The guilty group were put on display in front of a large crowd in Changsha. They wore placards around their necks giving their names and the crimes they had committed. Some had already had their sentences announced, but others were still to face trial.
But if the scenes in Hunan province last month stoked memories of the public humiliations of the Cultural Revolution, the state media didn’t dwell on them.
Xinhua opted for a scholarly air, mentioning that public sentencing of this type was banned in 1988, and that Chinese citizens dislike it because it is “against the rule of law”.
“It’s curious that such ancient rituals are still performed today,” cautioned China Youth Daily, a little more bravely.
“It has been 36 years since reform and opening up in China, but this serves as a negative example to the rule of law,” the paper added.
It was left to Yang Bin, a judge, to offer the most disapproving view of events in Changsha. “My friends told me that public trial is part of the country’s ‘glorious revolutionary tradition’, held once every year,” Yang wrote on his weibo account. “Similar public trials aren’t uncommon in other places too – it seems that there is still a long way to go in order to achieve rule of law…”
Coverage of the perp parade was unfortunate in its timing, coinciding with last week’s Fourth Plenum, a gathering of the Chinese Communist Party’s (CPC) Central Committee, which headlined its agenda with how the ‘socialist rule of law’ could be advanced across the country.
A major problem in responding to the theme are the cross-cultural differences in how the term is understood. Disagreement begins with how the concept is translated between Chinese and English, with the Chinese use of yi fa zhi guo variously described as denoting “rule of law”, “rule by law” or “governing according to law”.
What’s much clearer is the insistence that the rule of law in China can only be guaranteed under the Party’s leadership. Some nuance returns, however, when state media discusses the constitution (China’s “fundamental law” in Party-speak).
“The Party should carry out its activities within the framework of the Constitution and other laws,” an editorial in the Global Times insisted last week, also reminding readers that “no organisation or individual has the privilege to overstep the Constitution and any other laws”.
More critical voices highlight the ambiguities that entrench Party rule in the constitution, making it difficult for the same organisation to be subordinate to it. One of the constitution’s Four Basic Principles is that the leadership of the Party is fundamental, and something that can only be modified by the Party itself.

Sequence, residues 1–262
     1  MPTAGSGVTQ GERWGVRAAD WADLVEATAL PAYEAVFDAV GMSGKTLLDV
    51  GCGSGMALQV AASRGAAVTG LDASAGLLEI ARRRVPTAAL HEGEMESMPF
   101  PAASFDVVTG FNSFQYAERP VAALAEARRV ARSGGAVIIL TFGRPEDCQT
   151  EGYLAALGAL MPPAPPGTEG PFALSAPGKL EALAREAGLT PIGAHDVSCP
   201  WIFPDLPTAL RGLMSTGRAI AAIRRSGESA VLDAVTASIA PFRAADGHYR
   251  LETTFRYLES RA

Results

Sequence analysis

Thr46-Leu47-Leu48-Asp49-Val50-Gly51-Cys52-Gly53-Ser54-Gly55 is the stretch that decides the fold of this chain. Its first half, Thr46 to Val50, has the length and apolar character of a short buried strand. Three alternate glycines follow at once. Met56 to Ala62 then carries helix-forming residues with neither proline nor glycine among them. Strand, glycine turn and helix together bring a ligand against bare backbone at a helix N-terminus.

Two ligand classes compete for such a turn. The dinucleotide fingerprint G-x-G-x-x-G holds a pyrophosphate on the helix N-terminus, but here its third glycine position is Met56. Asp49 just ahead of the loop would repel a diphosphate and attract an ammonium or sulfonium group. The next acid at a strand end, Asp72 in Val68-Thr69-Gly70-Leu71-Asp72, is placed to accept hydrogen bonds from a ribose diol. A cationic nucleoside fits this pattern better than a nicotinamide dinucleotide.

The Global Times has no time for any suggestion of confusion, however, particularly those sown by Western media: “By their analysis, the leadership of the CPC and the rule of law is contradictory. These misperceptions must be swept away. Official documents and leaders’ speeches in recent years have repeatedly cast light on the combination of the CPC’s leadership, the position of the people as masters of the country and the rule of law. This emphasises that the Party should lead legislation, ensure law enforcement and set an example by abiding by the law.”
But what if the Party fails to set an example? Rule of law in Western theory implies that the power of political leaders is constrained by laws and regulations, Victor Mair, a professor of Chinese language at the University of Pennsylvania, told the Wall Street Journal. In contrast, most scholarly opinion outside China believes that “rule by law” is a more appropriate interpretation of Beijing’s approach, in which the legal system is seen by the Party primarily as a means to govern.
Much of this stems from Chinese history, says Francis Fukuyama, in his latest book Political Order and Political Decay. China is the only world civilisation that has never developed “true rule of law”, Fukuyama suggests. Israel, the Christian West, the Muslim world and India all have legal systems that originated in religion, he says, with legal codes interpreted and implemented by religious scholars and jurists. That means that “the keepers of the law” were social groups separate from the political authorities. But in China it was different. “There was never transcendental religion, and there was never a pretense that law had a divine origin,” Fukuyama believes. “Law was seen as a rational human instrument by which the state exercised its authority and maintained public order.”